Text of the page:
I work in the tech department of a school district. One of our elementary teahcers is going on a trip to Japan. She is taking a digital camera and a laptop. She wants to be able to email pictures back.
I know she will need a step-down transformer with the correct plug, but what about an internet connection? Will she be able to use her american modem in a japanese hotel room? Is it common for hotels to provide ethernet connections? She has AOL, will she be able to use a local number or will she have to use a number with a per-minute surcharge?
She is going to saty one week in Tokyo, and one week in Hita.
This teacher is not very computer literate, so if she can’t just plug into a phone jack and dial AOL or into an ethernet jack with DHCP it may not be worth trying. She would just have to save here pictures on hte laptop and wait until she gets back to show them to us.
Actually, she won’t need any converter for the power. I use all of my appliances there (laptop, digital camera, electric shaver, etc.) all the time. I’ve never used a dial-up connection in Japan, although most of the places I’ve stayed have had DSL connections to the Internet.
As Cerowyn said, power is no problem, no converter needed. American modems work fine too. The only difference is that in most hotels and offices, you dial 0 to get an outside line instead of 9.
Ethernet connections in hotels are not very common so I wouldn’t count on it. AOL does business in Japan so I’d guess US customers can use local dial-up numbers in Japan for a minimal fee, but she should check with AOL.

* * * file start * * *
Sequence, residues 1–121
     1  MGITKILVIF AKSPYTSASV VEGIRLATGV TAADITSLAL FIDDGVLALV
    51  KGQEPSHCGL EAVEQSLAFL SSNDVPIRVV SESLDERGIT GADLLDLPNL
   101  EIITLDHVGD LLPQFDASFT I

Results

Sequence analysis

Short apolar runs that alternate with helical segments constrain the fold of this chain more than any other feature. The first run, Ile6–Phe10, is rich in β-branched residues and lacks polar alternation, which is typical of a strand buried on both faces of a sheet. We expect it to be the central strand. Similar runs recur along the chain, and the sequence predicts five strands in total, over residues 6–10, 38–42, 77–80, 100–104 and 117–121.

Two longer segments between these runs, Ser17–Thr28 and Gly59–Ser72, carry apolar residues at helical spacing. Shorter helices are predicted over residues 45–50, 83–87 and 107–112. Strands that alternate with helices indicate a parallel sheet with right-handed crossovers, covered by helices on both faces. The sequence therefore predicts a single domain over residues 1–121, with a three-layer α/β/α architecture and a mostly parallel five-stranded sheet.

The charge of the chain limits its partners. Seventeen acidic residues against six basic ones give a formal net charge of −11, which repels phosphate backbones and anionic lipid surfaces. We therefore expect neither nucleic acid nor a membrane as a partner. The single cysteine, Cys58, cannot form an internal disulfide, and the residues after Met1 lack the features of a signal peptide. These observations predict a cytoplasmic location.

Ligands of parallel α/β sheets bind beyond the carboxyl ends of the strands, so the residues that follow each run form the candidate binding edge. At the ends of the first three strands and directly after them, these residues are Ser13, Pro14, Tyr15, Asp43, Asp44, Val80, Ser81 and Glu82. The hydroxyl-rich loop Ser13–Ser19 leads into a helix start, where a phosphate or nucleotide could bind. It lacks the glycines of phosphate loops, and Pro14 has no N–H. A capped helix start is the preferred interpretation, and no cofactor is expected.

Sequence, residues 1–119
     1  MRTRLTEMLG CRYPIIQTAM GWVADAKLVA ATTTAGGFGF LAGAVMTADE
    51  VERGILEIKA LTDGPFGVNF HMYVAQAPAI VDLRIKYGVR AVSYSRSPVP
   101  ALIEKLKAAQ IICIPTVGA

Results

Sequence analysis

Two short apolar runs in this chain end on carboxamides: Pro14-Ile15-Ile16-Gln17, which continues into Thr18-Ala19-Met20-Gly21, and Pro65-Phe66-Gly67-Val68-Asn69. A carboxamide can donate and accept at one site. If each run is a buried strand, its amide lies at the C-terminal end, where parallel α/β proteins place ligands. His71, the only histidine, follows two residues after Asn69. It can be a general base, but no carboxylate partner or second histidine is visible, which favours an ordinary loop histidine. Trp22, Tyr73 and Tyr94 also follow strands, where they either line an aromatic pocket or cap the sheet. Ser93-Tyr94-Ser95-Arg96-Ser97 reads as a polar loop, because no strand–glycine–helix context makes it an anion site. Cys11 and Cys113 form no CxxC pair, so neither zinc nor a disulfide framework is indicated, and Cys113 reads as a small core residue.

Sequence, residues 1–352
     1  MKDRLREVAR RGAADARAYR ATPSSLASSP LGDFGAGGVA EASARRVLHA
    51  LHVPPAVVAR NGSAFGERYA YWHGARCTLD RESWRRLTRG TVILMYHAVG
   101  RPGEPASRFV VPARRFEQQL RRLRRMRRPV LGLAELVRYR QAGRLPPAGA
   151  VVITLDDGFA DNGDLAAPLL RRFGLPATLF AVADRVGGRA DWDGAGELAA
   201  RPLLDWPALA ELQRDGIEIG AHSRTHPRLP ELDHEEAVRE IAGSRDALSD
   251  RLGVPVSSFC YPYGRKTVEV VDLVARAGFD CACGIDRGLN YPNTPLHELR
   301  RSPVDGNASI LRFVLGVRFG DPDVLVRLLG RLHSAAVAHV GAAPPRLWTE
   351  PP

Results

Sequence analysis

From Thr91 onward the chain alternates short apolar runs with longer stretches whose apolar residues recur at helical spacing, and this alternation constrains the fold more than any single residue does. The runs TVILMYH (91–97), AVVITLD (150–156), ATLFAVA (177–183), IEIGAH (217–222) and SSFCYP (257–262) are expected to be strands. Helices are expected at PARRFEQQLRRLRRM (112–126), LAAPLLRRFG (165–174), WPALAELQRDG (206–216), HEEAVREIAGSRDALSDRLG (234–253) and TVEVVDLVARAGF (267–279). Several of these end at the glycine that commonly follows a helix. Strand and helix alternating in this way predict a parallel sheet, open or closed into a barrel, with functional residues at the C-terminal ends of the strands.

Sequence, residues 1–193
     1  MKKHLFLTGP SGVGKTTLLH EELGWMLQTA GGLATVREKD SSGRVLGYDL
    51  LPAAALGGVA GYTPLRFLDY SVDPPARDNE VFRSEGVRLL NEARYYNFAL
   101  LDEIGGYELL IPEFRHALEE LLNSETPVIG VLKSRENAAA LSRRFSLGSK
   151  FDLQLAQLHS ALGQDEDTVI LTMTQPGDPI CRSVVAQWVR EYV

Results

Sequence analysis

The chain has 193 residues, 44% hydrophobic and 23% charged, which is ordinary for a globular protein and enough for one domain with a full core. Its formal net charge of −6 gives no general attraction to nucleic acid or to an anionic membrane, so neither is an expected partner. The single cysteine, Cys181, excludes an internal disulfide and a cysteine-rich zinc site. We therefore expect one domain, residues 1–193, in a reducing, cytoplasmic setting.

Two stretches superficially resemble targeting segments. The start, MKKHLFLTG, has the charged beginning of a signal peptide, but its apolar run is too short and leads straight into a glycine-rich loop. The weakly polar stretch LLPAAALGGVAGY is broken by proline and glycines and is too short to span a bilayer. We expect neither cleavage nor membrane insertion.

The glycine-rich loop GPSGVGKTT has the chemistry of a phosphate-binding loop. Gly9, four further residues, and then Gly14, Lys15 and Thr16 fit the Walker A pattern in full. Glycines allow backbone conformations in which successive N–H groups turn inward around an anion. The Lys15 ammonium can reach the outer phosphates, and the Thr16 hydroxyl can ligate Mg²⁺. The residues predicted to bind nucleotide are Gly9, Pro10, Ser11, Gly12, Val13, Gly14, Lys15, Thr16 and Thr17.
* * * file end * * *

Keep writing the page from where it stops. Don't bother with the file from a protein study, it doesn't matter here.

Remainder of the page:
Standard “house” current in Japan is 100 Volts AC, with 2-prong receptacles that match American plugs, but that are usually not polarized or grounded (so 3-prong receptacles are uncommon). Eastern Japan (which includes Tokyo) runs on 50 cycles, while Western Japan (Kyoto, Osaka, Kobe, and beyond) runs on 60 cycles.
As far as connecting to the Internet with an English OS computer goes, here is some advice I googled…
Considering the plethora of Internet cafes in Tokyo, I would say that your friend should leave her laptop at home, and just be sure to take her digital camera’s USB cable with her. She can hook her camera up to a computer at an Internet cafe, and just send the pix through a webmail account. Shouldn’t be too much trouble, since most digital cameras are manufactured by Japanese companies.
Tell your friend that, due to the slightly lower voltage here, her American-made hair dryer will be slightly less efficient than it is back home. If she wears contact lenses, and uses a thermal sterilization device, she may find it doesn’t “cook” her contacts quite as quickly when in Japan. Motorized appliances such as electric shavers don’t seem to suffer much from the missing 10 volts.
If your friend has hayfever or asthma, she should be warned that common over-the-counter remedies such as Vicks Inhalers and Sudafed are contraband in Japan.